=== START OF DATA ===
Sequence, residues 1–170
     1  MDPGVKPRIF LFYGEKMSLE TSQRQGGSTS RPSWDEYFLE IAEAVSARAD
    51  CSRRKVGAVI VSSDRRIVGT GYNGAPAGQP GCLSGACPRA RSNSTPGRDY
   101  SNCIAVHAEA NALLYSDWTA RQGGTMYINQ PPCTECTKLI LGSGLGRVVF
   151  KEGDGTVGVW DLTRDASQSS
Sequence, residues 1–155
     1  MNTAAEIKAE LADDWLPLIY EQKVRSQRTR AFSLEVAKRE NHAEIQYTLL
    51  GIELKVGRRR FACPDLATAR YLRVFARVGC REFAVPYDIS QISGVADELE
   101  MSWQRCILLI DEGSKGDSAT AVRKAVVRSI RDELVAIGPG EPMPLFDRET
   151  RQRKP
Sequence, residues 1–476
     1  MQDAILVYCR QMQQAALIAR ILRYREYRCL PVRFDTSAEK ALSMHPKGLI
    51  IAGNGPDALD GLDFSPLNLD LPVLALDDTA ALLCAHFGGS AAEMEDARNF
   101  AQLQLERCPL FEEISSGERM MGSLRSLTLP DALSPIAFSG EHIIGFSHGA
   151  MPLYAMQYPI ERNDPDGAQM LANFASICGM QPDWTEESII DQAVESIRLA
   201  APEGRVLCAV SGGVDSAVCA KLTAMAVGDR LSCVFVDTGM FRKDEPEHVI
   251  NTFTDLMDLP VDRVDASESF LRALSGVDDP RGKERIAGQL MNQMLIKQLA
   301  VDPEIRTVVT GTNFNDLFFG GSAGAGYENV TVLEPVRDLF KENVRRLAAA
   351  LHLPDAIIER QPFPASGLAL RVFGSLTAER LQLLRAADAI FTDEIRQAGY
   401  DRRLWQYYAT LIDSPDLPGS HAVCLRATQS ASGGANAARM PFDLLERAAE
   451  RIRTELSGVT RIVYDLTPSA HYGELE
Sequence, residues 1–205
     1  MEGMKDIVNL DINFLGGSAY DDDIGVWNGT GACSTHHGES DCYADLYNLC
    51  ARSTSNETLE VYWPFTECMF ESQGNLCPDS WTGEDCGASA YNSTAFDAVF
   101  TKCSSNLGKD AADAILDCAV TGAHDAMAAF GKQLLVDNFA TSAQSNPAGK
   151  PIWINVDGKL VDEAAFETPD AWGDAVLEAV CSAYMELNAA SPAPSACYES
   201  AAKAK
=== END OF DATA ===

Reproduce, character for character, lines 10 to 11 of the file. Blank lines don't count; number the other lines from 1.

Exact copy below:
   151  RQRKP
Sequence, residues 1–476